Each meditation is so different. Today, as I settled into my breath, I was immediately aware of a great deal of mental pain. The pain didn’t seem to be tied to anything in particular, but was more an existential kind of pain—just “being” felt painful.
One I got mentally quiet enough to feel its full intensity, this background pain wanted all of my attention. I knew that if I just ignored it, or tried to push it away, it would only get worse, making concentration and insight impossible. Also, I’ve come to understand more clearly that ignoring pain is not only unskillful but is itself a sign of emotional damage. So, what to do?
When existential or emotional pain is crying out for attention, I’ve found that it’s both wise and compassionate to just stop trying to “meditate” and to turn one’s whole attention to the pain. In other words, the pain itself becomes the object of meditation. Sometimes this means just exploring the mental pain—seeing what its nature is and, especially, what it feels like in the body. The goal is to look into the mental pain or stress with a non-judgmental curiosity and openness. You just want to see what’s going on, so to speak, and you want to do it with as much compassion and loving-kindness as you can. If you’d like to learn more about what involved with this kind of mediative investigation of pain—any kind of pain—this post should be a big help:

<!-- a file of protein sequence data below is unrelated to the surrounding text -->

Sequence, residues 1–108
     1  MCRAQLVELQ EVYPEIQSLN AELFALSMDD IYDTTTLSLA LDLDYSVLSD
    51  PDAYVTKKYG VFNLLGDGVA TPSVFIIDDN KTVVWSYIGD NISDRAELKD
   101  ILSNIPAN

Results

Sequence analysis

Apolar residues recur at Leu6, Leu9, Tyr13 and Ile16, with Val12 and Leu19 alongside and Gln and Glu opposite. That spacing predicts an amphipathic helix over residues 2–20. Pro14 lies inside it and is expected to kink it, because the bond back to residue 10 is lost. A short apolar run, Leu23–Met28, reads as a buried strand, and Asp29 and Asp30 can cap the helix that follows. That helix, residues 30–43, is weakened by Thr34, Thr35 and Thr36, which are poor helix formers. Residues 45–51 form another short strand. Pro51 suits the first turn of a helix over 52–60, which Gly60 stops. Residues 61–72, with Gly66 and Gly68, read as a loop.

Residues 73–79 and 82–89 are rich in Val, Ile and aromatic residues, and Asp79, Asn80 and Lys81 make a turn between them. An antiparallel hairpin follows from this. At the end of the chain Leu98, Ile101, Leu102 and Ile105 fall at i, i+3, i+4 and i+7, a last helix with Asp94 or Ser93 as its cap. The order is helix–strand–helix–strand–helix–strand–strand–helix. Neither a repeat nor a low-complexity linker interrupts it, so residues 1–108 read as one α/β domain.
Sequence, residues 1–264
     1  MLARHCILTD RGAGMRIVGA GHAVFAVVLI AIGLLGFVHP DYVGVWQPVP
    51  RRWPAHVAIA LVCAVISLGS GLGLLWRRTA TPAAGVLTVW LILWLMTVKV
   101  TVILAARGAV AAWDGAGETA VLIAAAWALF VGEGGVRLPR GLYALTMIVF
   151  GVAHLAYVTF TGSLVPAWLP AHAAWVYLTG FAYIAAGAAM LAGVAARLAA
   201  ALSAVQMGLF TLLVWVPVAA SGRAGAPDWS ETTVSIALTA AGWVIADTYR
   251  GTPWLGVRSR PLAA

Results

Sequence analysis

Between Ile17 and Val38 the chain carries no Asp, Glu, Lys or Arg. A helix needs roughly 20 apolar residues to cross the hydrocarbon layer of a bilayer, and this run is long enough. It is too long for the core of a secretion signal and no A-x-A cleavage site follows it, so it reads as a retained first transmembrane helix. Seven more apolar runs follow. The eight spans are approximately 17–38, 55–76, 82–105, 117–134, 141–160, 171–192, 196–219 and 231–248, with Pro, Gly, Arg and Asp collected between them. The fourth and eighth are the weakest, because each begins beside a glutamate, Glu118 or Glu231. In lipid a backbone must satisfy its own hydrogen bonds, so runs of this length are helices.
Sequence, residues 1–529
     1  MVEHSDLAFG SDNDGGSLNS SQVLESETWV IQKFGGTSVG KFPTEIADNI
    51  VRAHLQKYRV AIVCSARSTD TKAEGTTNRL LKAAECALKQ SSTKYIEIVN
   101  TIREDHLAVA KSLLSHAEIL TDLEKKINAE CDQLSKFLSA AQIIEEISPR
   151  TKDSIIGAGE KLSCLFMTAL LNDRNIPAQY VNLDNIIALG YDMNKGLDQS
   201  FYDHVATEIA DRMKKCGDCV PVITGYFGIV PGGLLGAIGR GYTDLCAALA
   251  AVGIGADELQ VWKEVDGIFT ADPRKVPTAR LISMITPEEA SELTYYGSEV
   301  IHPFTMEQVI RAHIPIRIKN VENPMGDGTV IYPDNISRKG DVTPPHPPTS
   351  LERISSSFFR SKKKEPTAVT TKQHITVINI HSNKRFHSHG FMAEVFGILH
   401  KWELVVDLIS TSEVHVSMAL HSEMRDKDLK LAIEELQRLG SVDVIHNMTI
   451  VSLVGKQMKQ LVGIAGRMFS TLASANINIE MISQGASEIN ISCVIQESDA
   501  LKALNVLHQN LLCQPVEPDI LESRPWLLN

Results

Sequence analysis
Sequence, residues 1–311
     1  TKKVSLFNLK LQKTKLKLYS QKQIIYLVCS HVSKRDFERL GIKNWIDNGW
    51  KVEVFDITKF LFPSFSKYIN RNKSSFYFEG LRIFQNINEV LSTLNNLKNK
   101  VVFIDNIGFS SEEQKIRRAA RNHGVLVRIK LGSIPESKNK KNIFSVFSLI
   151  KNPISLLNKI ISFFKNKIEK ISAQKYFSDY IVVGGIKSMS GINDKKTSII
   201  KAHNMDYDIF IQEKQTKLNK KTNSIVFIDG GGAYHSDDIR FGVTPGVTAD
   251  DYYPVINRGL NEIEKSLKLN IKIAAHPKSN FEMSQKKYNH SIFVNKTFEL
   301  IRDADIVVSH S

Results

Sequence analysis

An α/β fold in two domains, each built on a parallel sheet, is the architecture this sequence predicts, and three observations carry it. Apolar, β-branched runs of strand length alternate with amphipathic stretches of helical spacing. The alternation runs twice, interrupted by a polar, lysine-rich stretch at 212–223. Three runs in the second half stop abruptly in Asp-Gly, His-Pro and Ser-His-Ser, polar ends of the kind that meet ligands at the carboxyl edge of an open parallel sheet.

When Mental Pain is Extreme, Consider Doing Metta
If the pain really roars when you look into it with gentle curiosity and interest, and if you don’t seem to be getting a handle on its causes, then it may be well wise to step back and begin doing metta, loving-kindness, meditation for oneself. Just stop and give your attention to some specific loving and kind phrase, like this: “May I be free of this pain, and the causes of this pain. May I have peace of mind and know the causes of peace of mind.”
Or, you may want to address the pain directly, as if dealing with a crying baby—a skillful way of dealing with pain and other emotions that my heart teacher, Thich Nhat Hanh, often talks about. You might work something like this:
“My dear pain, I hear you crying! I do not reject you! I will not lock you away in some room of my mind and let you wail! (I would hear you anyway!) I am here for you, dear pain. I will hold you tenderly in my heart, even though it hurts. I want to know what you are all about, and set this painful energy free. For you and I, dear pain, are not different, but the same. The pain is me, and I am the pain. I will not reject myself, but look deeply into myself, with love and compassion, so that I may be free.”